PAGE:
The London coffee landscape has changed immeasurably over just the last few years, the evolution already in full throttle when I started my own little journey and entered into the acutely caffeine sharpened world I am now becoming increasingly immersed in. Back then, around two years ago, when I was startled by a life changing coffee pulled from Prufrock’s beautiful Victoria Arduino lever machine in it’s Present outpost (I’ve just heard a HORRIBLE rumour this residency, the site of London’s best espresso, is soon to come to an end). The third wave was in full swing, pioneers Milk Bar and Flat White were leaders of the pack and Brown’s of Brockley was a lone ranger south of the river. Prufrock’s Leather Lane branch was just a sparkle in Gwilym Davies’ eye, Notes and Tapped and Packed had only one branch each and were yet to dabble in roasting…
I felt thoroughly out of my depth when embarking on my exploration, timid and unknowledgeable, but so very keen to learn, to absorb like a particularly ready and receptive sponge. With so much history behind me it seemed pointless to even attempt to catch up so I chased my own tail, visiting places on whispers and whims in a more random path, asking questions, listening to recommendations, until eventually I had an ever increasing list of places new and old I had to try.
Last year felt exhausting. London seemed to hit a sort of peak. I certainly did. Too much, constantly, relentless. I went to New York over christmas and came back wanting a break. The last thing I wanted was to chase after the new, I craved comfort, nice food, relaxed surroundings. But I catagorically had no desire to race after the latest junk food hit or trendy, soulless cafe.
God. I must be getting old. That *must* be it.
Maybe I’m just tired. I’ve found I still want to try some new; take Embassy East, Talkhouse Cafe, Yum Bun and Little Social, just not everything. Perhaps I’ve finally learnt to be a bit subjective. Who knows. It’s just as likely a phase and you’ll find me clamouring to write about the latest dude food (stabs self in head for using that phrase) next month.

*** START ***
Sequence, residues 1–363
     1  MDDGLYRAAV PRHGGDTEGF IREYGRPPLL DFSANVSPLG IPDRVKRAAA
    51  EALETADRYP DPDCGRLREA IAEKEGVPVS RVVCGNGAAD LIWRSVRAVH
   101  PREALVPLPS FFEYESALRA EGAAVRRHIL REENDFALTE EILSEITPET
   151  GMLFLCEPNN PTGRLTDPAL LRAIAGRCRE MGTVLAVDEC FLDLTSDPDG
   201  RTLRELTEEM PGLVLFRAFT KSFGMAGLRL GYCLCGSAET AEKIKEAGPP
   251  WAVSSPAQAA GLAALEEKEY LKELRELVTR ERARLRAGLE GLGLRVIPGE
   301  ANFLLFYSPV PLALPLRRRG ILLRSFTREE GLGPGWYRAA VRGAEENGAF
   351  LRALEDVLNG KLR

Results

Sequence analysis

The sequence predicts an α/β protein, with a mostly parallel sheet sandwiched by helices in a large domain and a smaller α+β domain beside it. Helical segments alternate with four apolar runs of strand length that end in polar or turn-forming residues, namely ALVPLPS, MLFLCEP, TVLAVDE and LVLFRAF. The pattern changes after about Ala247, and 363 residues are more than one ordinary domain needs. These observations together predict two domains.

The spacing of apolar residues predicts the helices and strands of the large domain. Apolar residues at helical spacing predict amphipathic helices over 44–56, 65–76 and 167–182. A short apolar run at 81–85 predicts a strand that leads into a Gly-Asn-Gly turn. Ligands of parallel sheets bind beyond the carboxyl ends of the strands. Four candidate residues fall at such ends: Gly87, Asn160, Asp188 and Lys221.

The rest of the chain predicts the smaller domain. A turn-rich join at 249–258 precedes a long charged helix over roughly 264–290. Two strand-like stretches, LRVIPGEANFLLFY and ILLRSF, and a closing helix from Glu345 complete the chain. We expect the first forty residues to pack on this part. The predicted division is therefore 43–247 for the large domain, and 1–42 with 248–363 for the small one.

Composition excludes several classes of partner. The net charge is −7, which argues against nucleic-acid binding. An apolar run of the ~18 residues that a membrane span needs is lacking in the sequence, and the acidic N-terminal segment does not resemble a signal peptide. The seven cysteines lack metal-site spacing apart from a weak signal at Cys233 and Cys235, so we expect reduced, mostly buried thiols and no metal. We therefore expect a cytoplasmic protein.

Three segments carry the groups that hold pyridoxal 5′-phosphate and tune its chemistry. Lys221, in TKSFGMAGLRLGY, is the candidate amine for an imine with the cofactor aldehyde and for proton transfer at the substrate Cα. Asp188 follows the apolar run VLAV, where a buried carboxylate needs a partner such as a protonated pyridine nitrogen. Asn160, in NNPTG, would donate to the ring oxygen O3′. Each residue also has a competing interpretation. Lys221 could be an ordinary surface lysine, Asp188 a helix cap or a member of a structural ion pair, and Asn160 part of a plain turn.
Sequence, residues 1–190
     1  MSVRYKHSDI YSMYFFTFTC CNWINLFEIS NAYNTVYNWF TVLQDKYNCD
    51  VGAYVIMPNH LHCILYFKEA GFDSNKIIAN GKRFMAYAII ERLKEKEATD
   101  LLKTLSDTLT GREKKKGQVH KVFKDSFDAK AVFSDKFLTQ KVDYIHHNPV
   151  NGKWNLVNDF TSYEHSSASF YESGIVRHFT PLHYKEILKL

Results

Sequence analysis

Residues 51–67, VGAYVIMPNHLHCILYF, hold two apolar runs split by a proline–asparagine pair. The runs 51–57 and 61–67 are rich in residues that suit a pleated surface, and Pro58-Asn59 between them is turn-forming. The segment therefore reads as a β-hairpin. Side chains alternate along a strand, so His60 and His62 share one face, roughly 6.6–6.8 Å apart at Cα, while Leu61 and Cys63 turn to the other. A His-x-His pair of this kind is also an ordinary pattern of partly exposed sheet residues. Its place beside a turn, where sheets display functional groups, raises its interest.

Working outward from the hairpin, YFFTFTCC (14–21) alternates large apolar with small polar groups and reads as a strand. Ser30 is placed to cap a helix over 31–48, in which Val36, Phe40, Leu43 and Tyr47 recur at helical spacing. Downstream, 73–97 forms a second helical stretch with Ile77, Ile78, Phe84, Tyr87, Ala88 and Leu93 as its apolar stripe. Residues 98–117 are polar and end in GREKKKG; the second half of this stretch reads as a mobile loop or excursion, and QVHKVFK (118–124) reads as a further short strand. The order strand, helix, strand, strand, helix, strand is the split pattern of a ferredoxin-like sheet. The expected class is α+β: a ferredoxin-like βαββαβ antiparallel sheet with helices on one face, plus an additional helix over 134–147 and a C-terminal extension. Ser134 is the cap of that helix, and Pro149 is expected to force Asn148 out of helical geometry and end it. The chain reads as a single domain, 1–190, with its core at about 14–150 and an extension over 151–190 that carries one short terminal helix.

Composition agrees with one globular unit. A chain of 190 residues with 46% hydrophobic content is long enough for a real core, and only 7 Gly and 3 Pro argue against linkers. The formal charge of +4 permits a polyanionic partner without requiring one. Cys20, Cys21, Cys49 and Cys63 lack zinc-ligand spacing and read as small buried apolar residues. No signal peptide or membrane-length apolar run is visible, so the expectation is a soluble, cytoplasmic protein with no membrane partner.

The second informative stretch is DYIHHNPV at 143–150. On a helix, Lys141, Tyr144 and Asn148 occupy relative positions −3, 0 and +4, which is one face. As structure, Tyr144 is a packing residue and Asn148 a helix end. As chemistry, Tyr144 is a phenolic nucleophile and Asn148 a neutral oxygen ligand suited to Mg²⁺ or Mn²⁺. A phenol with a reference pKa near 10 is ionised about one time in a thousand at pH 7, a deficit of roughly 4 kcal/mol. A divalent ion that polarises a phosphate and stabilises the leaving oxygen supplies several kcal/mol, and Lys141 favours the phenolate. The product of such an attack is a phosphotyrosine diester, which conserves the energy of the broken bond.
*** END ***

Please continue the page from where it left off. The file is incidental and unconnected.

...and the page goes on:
Anyway, whilst I’m in calm, reflective mode, I’ve been enjoying revisiting a few places I’ve not been to for a while, one of which is the very recently refurbished Browns of Brockley.
For a long time Brown’s has stood alone; an institution. Ask anyone to name a great coffee shop south of the river and I’ll guarantee Browns will be on the tip of their tongue. Not just good for South London of course, but understandably this is the moniker bestowed, and there’s good reason for this. More recently there’s been a number of great coffee shops, along with roasters too, opening, but for that period Browns really was that caffeine mecca of the south, driving standards up with it’s consistantly excellent standards.
I’d not been back since the refurb, so when the Derek of the fabulous London Coffee App suggested lunch, Browns was the first place that came to mind. Although well known amongst it’s fans, locals, and those in the coffee know, you still need to know it’s there, located as it is tucked away behind the main high street and directly opposite Brockley Station. Sitting in the window, feels distinctively as though you could be passing time in a particularly beautiful little waiting room cafe. Obviously far superior to the wind whipped, urine soaked hovels you might associate with South Eastern stations, this would be orient express class. The wide but narrow room holds enough space for a groaning window of delicacies, winking cheekily to passers by, the control area of coffee making equipment, and enough space to refresh a little more than several handfuls of travellers.
I love that my filter coffee is served in an epic sized Intelligentsia mug, proper comforting, I struggle to see the bottom. My indecisiveness hinders my ability to choose lunch, on this occasion going against my friends advise to try the brie and cranberry, my growling belly demanding a pretty full on provolone, ham and tapenade BEAST. A name that’s come up a few times recently is the name of Flourish Bakery who supply their bread and pastries, the first time I noticed it was when I asked Fee and Brown where their marvellous baguettes were from, and again here I’m impressed. I’m equally pleased with the construction of my sandwich, maybe a small thing to many, but this ticks all my boxes; fillings reach to the edges in neat repetition, there’s moisture from tapenade and it’s lightly toasted. It’s the little things. Yes, the coffee as you might expect is good, and I finish with a very good Square Mile espresso, sweet and satisfying.
Regulars and followers of owner Ross Brown on Twitter, will be familiar with the star of the shop, Ludd Brown, the most adorable pug dog EVER. His soulful little mug echoed around the shop as the sweetest motif, there’s a lovely tapestry on the counter that reiterates a homespun feeling that seems to preside; we may not be far out of central London but there’s a definite shift away from that driving speed and ruthless selfishness that makes visiting this cafe a very real pleasure.
If you’ve managed to get this far then here you go, I reward you with some beautiful pictures of Ludd sent to me by Ross, who rather endearingly insists on referring to him as ‘the dog’. Why you look so sad Ludd?!
Of course, I do feel like I’m preaching to the converted here, there’s a LOT of love for Browns already and hence a rather short post, but I feel I’d be doing it a massive disservice by omitting it from my own personal journey.
So if you haven’t been, you probably need to sort that out.